Analysis of crystals found in lava suggests shift to molten goo occurs close to eruption
Most of a volcano’s magma probably isn’t the oozing, red-hot molten goo often imagined.
Analyses of zircon crystals, spewed from a volcanic eruption in New Zealand, show that the crystals spent the vast majority of their time underground in solid, not liquid, magma, researchers report in the June 16 Science. The results suggest the magma melted shortly before the volcano erupted.
This finding helps confirm geologists’ emerging picture of magma reservoirs as mostly solid masses, says geologist John Pallister of the U.S. Geological Survey in Vancouver, Wash., who was not involved in the study. And it could help scientists more accurately forecast when volcanoes are poised to erupt.
Studying magma reservoirs directly is difficult because they’re buried kilometers underground. Heat and pressure would destroy any instruments sent down there. So Kari Cooper, a geochemist at the University of California, Davis, and her colleagues probed magma by scrutinizing seven zircon crystals from New Zealand’s Taupo Volcanic Zone. These crystals formed between a few thousand and a few hundred thousand years ago, when molten magma from deeper in Earth’s crust crept up to the Taupo reservoir, cooled and crystallized into zircon and other minerals. Some of these other minerals eventually melted back into liquid magma and carried the zircon up and out during an eruption 700 years ago.
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Clocking lithium's hot streak
The distribution of lithium in a zircon crystal offers clues to temperatures that the crystal experienced while in a magma reservoir. In this graph, the black line shows how long a crystal could have been stored at various temperatures to produce the lithium distribution scientists see. (The gray streak represents the range of uncertainty.) Temperatures highlighted in pink constitute the range in which magma surrounding the zircon is mushy. The thin red bar signifies the point at which magma is completely melted.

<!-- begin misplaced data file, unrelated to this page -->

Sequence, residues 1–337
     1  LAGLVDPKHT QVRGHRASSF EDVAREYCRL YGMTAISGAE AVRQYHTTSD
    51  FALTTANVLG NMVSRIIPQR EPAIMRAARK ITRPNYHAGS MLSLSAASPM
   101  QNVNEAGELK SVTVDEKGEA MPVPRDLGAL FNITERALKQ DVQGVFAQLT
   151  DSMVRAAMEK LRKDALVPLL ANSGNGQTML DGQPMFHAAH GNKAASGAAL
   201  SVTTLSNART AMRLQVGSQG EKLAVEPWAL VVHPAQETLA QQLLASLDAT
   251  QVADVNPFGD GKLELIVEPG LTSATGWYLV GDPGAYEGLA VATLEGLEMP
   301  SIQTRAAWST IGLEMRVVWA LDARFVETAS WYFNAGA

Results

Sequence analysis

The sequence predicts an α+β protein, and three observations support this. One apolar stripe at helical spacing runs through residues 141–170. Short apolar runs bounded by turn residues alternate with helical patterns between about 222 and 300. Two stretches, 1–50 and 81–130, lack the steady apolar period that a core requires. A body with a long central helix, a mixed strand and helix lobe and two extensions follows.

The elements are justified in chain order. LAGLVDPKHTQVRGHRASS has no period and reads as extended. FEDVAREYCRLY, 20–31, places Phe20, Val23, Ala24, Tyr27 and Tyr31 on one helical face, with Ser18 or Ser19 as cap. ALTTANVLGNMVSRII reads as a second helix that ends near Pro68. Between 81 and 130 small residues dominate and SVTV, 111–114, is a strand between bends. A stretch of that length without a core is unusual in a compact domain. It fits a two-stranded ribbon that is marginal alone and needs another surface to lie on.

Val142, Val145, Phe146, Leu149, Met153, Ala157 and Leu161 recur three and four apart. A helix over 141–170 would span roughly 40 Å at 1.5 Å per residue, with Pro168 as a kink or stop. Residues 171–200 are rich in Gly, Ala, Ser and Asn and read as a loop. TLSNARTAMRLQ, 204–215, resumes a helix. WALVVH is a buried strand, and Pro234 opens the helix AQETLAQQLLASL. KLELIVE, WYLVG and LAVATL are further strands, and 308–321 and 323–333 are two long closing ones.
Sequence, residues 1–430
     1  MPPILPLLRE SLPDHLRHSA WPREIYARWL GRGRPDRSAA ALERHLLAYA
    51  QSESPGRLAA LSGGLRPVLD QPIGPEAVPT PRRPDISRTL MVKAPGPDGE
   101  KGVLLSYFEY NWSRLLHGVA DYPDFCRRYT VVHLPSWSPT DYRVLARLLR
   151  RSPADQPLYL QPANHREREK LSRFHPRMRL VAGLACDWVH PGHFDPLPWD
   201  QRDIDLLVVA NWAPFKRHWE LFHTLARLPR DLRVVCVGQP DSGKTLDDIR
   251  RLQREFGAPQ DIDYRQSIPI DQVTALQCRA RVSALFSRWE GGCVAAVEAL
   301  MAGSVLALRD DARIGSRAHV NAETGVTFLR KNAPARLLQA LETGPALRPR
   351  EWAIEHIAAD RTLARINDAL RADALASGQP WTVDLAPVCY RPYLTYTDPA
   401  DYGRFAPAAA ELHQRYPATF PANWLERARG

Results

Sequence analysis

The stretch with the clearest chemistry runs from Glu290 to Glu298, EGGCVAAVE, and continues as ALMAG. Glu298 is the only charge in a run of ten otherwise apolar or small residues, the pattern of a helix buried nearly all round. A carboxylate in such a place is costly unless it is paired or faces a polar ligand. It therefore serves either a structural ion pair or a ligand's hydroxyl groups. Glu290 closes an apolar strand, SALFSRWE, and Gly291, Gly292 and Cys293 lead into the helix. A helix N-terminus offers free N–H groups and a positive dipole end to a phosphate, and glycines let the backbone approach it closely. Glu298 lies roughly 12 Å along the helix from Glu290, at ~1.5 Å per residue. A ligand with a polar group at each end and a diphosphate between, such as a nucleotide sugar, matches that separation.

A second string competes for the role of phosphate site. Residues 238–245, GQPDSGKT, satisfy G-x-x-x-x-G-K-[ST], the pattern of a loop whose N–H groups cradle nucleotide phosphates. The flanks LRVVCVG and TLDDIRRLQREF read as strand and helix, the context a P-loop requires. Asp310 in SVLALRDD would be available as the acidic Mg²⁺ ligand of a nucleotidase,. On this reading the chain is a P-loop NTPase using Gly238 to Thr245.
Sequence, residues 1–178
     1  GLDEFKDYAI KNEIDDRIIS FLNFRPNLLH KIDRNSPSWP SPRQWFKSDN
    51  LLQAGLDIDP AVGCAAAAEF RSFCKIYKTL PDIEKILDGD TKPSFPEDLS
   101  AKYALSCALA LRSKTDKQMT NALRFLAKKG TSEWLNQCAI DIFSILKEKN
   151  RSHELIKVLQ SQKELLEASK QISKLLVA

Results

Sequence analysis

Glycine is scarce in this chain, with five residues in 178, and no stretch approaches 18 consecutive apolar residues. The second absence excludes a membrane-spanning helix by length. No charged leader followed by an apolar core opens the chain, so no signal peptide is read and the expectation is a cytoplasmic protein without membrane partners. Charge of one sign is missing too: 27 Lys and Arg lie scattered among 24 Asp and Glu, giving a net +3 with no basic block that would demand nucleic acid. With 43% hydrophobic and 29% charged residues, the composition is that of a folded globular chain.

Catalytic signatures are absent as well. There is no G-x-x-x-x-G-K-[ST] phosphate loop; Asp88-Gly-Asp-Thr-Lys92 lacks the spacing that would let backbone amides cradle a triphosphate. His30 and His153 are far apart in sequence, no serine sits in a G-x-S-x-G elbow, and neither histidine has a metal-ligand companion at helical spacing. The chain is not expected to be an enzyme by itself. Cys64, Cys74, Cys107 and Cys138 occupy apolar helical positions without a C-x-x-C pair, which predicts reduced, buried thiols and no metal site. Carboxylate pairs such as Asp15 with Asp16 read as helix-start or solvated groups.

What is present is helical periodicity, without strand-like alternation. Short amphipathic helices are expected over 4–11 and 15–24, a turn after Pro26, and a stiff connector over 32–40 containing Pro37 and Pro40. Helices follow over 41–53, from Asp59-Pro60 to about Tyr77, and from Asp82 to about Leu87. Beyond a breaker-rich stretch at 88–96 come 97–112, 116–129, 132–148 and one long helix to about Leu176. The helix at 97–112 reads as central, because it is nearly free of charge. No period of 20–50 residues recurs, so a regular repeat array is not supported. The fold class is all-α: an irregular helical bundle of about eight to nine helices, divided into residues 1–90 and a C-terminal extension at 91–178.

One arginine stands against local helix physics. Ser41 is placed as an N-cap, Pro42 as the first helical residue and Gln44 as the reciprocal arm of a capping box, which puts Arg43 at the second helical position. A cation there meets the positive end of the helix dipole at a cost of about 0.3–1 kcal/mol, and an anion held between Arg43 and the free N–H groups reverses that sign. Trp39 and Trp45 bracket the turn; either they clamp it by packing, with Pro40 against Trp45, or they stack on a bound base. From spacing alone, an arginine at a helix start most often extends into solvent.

By examining the distribution of lithium in the zircon crystals, the researchers discerned how long the zircon had existed at temperatures hot enough to melt its mineral neighbors — that is, how long the magma had stayed molten. Lithium, which the crystals would have picked up from surrounding magma, spreads through zircon faster when it’s hotter, Cooper explains.
The diffusion of lithium indicated that the crystals spent, at most, about 1,200 years exposed to a temperature range of 650° to 750° Celsius. At those temperatures, solid magma melts into a state that’s a little like a snow cone — mostly crystalline, with a bit of liquid seeping through. And for just 40 years, the crystals were exposed to temperatures above 750° — hot enough for magma to completely melt. Since the magma spent the overwhelming majority of its lifetime in the reservoir as a mostly solid mass, scientists surmise it melted briefly only before eruption.
“The other cool thing that we found is that most of the crystals are more than 50,000 years old,” Cooper says. In the last 50,000 years, this volcanic system underwent many eruptions before belching up the studied zircon crystals 700 years ago. The relatively short time these crystals experienced high heat suggests that they weren’t affected much by the magma in those previous eruptions. “Everything has to be much more compartmentalized down there than we originally thought,” Cooper says.
The study’s findings raise questions about how mostly solid magma melts and mobilizes before an eruption, says George Bergantz, an earth scientist at the University of Washington in Seattle who was not involved in the research. Cooper suspects that molten material from even deeper underground seeps up and melts solid magma. But, she says, “it’s still very much an open question.”
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